, the Marine veteran who has been charged with killing 30-year-old with a chokehold on a New York City subway car on May 1, was indicted by a grand jury on Wednesday. The Manhattan District Attorney's Office confirmed the indictment on Thursday, following statements about it from the and Penny's attorneys.
"A grand jury has returned a true bill in the case against Daniel Penny. The Supreme Court arraignment will be held on June 28," Doug Cohen, press secretary for the Manhattan DA, said in a statement. "We cannot comment further until the arraignment takes place."
Penney's attorneys said they will "aggressively defend" him when the case goes to trial.
Penny, 24, was originally charged with second degree manslaughter in May, and released on bail.
Penny maintains that Neely was behaving erratically on the train and threatening to kill fellow passengers when he moved to subdue him, according to video statements released by his attorneys. After the incident, Penny was initially questioned by police and released without being charged.
Aby Penny's attorneys said Neely had "a documented history of violent and erratic behavior, the apparent result of ongoing and untreated mental illness." It also said Penny "never intended to harm Mr. Neely and could not have foreseen his untimely death."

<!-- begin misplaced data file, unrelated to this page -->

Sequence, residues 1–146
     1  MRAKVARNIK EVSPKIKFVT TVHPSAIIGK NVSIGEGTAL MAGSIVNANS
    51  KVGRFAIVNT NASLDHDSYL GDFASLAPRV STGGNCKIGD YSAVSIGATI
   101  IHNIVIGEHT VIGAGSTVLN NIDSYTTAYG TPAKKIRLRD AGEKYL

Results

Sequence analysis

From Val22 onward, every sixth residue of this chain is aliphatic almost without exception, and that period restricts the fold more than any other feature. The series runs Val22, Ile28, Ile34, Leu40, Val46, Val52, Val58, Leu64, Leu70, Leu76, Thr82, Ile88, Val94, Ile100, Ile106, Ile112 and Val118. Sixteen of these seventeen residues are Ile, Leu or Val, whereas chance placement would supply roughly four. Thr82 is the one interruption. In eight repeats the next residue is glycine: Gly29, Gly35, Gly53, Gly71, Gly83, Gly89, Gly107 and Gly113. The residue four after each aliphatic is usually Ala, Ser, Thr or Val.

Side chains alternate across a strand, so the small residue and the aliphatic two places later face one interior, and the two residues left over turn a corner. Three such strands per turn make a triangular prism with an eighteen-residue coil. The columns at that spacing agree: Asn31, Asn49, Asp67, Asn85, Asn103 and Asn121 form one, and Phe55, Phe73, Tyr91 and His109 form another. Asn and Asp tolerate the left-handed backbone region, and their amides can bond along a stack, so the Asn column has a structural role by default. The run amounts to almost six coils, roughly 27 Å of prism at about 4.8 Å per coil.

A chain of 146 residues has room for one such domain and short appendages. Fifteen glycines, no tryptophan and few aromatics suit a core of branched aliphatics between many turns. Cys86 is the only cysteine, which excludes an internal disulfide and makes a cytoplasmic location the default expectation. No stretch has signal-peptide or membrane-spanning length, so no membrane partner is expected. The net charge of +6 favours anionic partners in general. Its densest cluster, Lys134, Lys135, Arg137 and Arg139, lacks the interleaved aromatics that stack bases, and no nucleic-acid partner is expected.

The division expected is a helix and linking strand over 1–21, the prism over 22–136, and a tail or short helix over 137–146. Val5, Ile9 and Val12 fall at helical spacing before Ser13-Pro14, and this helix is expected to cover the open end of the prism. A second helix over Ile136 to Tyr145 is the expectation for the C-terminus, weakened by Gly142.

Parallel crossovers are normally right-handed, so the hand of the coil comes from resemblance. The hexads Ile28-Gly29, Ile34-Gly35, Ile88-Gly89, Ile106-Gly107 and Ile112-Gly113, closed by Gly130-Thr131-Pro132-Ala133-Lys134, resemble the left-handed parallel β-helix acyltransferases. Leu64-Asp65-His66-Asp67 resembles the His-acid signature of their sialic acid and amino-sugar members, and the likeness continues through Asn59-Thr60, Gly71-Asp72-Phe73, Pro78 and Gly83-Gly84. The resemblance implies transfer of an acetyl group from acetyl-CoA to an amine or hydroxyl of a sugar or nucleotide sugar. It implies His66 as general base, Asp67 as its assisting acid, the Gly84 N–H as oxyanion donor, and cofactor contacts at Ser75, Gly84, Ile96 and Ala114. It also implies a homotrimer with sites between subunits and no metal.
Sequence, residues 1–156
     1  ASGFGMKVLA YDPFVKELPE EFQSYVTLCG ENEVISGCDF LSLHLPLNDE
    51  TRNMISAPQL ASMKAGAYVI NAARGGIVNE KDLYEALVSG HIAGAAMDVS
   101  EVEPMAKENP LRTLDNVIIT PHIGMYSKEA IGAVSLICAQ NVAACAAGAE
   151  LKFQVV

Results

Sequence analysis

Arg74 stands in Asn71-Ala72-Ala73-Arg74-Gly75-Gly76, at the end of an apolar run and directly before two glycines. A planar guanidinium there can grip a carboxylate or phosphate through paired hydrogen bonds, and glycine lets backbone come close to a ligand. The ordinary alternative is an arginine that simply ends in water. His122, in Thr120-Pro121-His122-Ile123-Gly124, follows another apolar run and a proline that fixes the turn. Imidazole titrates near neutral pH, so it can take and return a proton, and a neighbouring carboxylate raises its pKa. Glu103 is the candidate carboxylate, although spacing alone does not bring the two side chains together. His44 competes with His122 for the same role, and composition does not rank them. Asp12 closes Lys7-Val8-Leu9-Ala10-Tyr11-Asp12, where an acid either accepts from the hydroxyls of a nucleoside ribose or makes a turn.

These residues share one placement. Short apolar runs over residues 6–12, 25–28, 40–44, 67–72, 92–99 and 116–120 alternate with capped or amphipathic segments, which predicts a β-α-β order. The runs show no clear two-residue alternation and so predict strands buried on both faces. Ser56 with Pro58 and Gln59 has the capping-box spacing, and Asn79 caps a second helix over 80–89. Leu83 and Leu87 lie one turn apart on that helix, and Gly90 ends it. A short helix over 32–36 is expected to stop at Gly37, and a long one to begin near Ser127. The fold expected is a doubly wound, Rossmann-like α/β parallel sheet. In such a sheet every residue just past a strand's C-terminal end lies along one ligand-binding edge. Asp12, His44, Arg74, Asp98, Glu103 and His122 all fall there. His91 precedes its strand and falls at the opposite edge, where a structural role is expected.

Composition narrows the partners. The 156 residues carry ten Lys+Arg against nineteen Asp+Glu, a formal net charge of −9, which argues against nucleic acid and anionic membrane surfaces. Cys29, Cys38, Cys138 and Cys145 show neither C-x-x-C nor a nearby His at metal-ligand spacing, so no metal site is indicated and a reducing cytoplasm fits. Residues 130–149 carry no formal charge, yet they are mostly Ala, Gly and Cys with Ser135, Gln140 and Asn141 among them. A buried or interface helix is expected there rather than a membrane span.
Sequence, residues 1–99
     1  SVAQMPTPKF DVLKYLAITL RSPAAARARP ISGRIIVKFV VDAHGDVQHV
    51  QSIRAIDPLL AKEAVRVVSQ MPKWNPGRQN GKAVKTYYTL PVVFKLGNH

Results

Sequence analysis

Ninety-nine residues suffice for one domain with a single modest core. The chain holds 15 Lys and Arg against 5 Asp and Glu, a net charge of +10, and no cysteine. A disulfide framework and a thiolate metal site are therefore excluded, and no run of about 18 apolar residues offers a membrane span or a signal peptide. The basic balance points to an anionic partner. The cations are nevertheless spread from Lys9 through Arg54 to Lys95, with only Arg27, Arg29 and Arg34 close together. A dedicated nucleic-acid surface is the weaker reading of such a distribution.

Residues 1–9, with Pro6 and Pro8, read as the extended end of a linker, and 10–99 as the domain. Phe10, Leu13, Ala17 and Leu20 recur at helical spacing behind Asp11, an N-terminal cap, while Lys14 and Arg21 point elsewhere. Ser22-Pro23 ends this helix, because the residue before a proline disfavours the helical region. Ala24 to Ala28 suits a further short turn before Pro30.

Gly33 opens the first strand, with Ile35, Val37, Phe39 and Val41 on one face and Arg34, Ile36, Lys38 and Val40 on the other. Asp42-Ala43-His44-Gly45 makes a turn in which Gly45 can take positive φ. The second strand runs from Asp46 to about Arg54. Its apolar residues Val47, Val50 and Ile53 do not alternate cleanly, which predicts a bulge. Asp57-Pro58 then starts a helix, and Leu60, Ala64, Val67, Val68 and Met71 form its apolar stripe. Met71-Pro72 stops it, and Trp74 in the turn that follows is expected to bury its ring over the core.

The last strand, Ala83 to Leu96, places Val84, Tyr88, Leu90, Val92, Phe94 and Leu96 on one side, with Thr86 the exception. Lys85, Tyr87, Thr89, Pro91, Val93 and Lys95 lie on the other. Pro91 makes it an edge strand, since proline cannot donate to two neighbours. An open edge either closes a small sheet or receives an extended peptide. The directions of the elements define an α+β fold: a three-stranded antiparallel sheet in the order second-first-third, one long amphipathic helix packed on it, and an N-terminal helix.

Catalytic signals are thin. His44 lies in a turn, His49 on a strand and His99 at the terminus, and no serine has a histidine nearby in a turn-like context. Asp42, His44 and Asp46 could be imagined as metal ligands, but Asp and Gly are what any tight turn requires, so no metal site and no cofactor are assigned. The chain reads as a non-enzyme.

In clips of a video interview released by his lawyers on Sunday,led up to the chokehold, including alleged threats from Neely.
"The three main threats that he repeated over and over was, 'I'm going to kill you,' 'I'm prepared to go to jail for life,' and 'I'm willing to die' ... I was scared for myself, but I looked around, I saw women and children. He was yelling in their faces, saying these threats," Penny said.
Neely, who performed as a Michael Jackson impersonator, was homeless, and family members said he had struggled with mental health after losing his mother as a teen. At hison May 19, Rev. Al Sharpton said, "Jordan was screaming for help. We keep criminalizing people with mental illness."
"Daniel Penny's indictment is the right result for the wrong he committed," Neely's family said in a statement Wednesday. "The grand jury's decision tells our city and our nation that 'no one is above the law' no matter how much money they raise, no matter what affiliations they claim, and no matter what distorted stories they tell in interviews."
–Pat Milton contributed reporting.
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